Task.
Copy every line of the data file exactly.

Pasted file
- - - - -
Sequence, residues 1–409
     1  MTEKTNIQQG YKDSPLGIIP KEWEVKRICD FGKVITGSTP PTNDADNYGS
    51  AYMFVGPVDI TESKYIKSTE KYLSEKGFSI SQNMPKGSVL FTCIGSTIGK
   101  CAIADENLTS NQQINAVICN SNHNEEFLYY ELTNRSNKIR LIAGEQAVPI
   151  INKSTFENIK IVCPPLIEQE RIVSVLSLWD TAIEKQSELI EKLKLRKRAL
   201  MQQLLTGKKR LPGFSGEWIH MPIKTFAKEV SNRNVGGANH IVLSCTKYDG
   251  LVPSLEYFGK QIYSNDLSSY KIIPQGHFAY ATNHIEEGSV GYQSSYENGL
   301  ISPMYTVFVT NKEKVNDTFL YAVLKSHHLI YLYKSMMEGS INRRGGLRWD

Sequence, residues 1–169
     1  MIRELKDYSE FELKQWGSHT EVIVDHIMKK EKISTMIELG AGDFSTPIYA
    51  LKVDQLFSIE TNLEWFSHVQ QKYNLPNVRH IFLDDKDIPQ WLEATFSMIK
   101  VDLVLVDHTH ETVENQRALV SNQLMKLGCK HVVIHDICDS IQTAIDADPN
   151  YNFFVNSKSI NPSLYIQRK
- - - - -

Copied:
Sequence, residues 1–409
     1  MTEKTNIQQG YKDSPLGIIP KEWEVKRICD FGKVITGSTP PTNDADNYGS
    51  AYMFVGPVDI TESKYIKSTE KYLSEKGFSI SQNMPKGSVL FTCIGSTIGK
   101  CAIADENLTS NQQINAVICN SNHNEEFLYY ELTNRSNKIR LIAGEQAVPI
   151  INKSTFENIK IVCPPLIEQE RIVSVLSLWD TAIEKQSELI EKLKLRKRAL
   201  MQQLLTGKKR LPGFSGEWIH MPIKTFAKEV SNRNVGGANH IVLSCTKYDG
   251  LVPSLEYFGK QIYSNDLSSY KIIPQGHFAY ATNHIEEGSV GYQSSYENGL
   301  ISPMYTVFVT NKEKVNDTFL YAVLKSHHLI YLYKSMMEGS INRRGGLRWD

Sequence, residues 1–169
     1  MIRELKDYSE FELKQWGSHT EVIVDHIMKK EKISTMIELG AGDFSTPIYA
    51  LKVDQLFSIE TNLEWFSHVQ QKYNLPNVRH IFLDDKDIPQ WLEATFSMIK
   101  VDLVLVDHTH ETVENQRALV SNQLMKLGCK HVVIHDICDS IQTAIDADPN
   151  YNFFVNSKSI NPSLYIQRK